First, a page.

Craft Beer CultureSummer Beer & Activity Pairings From Craft Beer Fanatics


Summer and beer. Is there a better combination? (The answer is decidedly no.)

And what better way to celebrate sunny days and cool Midwestern nights than on the patio with a cold, crisp craft beer?

We at Garth’s Brew Bar did an informal survey of craft beer geek guests, team members, family, and friends to showcase our favorite beer and summer activity pairings. Try one out yourself, and be sure to tag us on social (@garthsbrewbar) when you post a pic of it.

Kayaking and West Coast IPAs

This combo is bold, sharp, and sometimes unforgiving. As waves knock furiously against your kayak, you fight the wind and reach down between your knees to crack open a piney and crisp West Coast IPA.

This beer style boasts a distinct copper color, medium body, and resiny flavor. Check out Sproose from Black Husky Brewing (Milwaukee, WI). They brew this boozy West Coast Style with actual spruce tips. It smells and tastes like a calm, dewy morning by the tent. What’s better than paddling to and from a secluded campsite? Enjoying a craft beer while doing it, of course!

Another great West Coast IPA option is Snake Hollow from Potosi Brewing Company (Potosi, WI). The Potosi region was once teeming with rattlesnakes, which is how this citrusy IPA got its name. Fair warning: Rattlesnakes can swim, so drink fast and paddle faster.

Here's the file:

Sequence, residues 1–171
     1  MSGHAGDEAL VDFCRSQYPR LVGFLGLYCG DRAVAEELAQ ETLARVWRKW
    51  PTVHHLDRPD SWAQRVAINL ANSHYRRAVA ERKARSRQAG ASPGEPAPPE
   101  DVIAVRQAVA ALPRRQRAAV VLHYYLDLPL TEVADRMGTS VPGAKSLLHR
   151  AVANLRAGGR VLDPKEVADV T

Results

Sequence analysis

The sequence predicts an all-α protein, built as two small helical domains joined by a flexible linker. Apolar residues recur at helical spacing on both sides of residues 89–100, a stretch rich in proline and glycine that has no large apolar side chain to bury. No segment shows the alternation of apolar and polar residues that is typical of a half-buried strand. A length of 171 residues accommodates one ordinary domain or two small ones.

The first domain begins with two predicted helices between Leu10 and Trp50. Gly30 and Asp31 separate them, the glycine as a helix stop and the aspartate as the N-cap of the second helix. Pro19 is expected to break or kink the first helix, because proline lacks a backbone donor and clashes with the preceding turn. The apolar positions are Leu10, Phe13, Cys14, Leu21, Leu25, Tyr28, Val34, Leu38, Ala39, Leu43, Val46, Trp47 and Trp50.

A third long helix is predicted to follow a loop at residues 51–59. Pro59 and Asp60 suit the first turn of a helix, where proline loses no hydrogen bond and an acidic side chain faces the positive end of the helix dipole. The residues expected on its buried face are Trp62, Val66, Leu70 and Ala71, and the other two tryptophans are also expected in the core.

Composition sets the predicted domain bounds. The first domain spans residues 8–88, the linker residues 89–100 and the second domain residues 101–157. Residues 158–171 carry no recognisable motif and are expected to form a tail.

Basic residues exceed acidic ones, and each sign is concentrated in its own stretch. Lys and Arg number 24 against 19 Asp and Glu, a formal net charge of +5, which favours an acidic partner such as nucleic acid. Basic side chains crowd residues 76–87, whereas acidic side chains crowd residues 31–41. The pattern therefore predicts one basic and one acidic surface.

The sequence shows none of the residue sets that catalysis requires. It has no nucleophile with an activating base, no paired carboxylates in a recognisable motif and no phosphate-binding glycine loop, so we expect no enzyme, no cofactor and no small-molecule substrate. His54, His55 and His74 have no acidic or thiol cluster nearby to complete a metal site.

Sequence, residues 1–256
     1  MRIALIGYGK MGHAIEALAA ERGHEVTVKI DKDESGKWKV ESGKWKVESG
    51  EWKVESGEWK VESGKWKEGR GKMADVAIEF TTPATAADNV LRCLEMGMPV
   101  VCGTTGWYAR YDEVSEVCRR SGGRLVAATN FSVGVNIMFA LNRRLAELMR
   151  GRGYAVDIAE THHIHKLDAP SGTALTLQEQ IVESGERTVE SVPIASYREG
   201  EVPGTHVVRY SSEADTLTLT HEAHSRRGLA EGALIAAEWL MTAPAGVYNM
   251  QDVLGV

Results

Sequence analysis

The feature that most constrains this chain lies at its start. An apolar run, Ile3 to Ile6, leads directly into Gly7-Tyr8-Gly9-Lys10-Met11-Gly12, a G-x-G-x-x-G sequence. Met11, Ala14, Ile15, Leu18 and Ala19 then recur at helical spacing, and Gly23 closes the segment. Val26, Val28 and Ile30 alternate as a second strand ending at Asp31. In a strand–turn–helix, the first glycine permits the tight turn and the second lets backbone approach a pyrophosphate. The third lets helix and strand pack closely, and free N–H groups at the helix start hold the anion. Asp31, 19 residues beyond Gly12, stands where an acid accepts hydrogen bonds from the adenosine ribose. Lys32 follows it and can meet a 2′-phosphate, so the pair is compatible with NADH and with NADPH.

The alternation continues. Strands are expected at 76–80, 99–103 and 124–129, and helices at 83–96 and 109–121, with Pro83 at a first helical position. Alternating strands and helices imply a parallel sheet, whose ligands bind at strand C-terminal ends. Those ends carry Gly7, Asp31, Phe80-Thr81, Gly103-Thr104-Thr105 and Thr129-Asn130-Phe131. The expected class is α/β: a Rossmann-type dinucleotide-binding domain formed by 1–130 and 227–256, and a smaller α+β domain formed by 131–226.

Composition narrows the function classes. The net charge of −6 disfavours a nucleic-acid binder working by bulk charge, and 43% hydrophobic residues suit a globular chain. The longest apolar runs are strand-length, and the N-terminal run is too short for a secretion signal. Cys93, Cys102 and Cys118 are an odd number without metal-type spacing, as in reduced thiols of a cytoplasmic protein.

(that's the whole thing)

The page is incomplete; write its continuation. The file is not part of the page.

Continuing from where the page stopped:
Bag Toss (Corn Hole) and Light Lagers

Picture this: The sun is beating down on your neck. You haven’t applied sunscreen in over two hours. You’re down 3 points. Reach into the cooler and retrieve your secret weapon – a clean, crisp light lager.

Light lagers are extremely prolific in macro-breweries, but many local craft breweries have more delicious versions. At the beginning of the year, we brewed Picture of a Picture, with Sahale Ale Works (Grafton, WI). This German-style Helles lager is light, slightly cloudy, and crushable at only 4.7% ABV. (For more on our collaboration brews, check out this post.)

There are a dozen more lager styles under the sun (but hopefully safe in your cooler). Czech-style pilsners have recently come into vogue, with several local craft breweries brewing up batches. Public Craft Brewing (Kenosha, WI) has an aptly named version – The Reality Czech. This style is lightly hopped with slightly sweet flavors of toasted biscuit and bread.

Whether you’re applying a cold can to your neck, or pouring it into a glass for a quick sip between tosses, a light lager is the right drink for corn hole.

Baseball Games / Tailgates and American Pale Ales

Take me out to the ball game! Take me out for a beer!